Australia has reduced the gender wage gap by 3.4 points in the last five years despite the fact that women continue to earn on average less than 80 per cent of what men earn, according to a government study published on Tuesday.
According to data by the Workplace Gender Equality Agency (WGEA), between fiscal years 2013-14 and 2017-18 the salary difference between men and women was reduced from 24.7 per cent to 21.3 per cent, with a 1.1 point improvement in the last year.
It was also highlighted that during the same period the number of women in management positions increased by 3.2 points to 39.1 per cent.
On the other hand, the institution lamented the "glass ceiling" which still persists in positions of leadership and executive management, where there was only a slight increase of women by 1.4 points to 17.1 per cent, and of the presence in boards of directors, with a rise from 2.1 points to 25.8 per cent.
The agency also denounced the decline in the access to parental benefits for the main caregiver, which dropped 0.7 points to 47.8 per cent. This in the context of women accounting for 94.9 per cent of all primary carer’s leave utilised, with men accounting for only 5.1 per cent.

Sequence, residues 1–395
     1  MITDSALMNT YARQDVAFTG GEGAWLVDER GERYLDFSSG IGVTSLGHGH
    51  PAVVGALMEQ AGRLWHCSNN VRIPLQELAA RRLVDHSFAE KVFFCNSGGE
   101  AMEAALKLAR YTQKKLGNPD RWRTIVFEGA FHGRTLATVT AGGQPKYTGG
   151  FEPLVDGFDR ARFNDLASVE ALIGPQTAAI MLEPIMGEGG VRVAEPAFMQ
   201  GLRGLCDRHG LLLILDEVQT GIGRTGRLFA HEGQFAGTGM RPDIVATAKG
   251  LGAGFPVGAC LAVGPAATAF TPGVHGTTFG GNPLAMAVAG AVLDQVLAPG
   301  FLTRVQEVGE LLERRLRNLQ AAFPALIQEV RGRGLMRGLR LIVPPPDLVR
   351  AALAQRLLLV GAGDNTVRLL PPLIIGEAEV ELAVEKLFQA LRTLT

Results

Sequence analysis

"Although the gender pay gap has narrowed every year, progress is too slow," WGEA Director Libby Lyons said in a statement.
"Glass walls persist in industry segregation, which remains deeply entrenched in Australia. The glass ceiling is still a barrier for women at the CEO and board levels," Lyons added.
Women make up 80 per cent of the health care workforce and 70 per cent of its managers the report said, which means "we need to encourage more women into management and more men into caring roles", Lyons said.
The opposition Labour Party has proposed that companies with more than a thousand workers make salary information public to combat gender inequality, but Prime Minister Scott Morrison considers that such a measure would create labour conflicts.>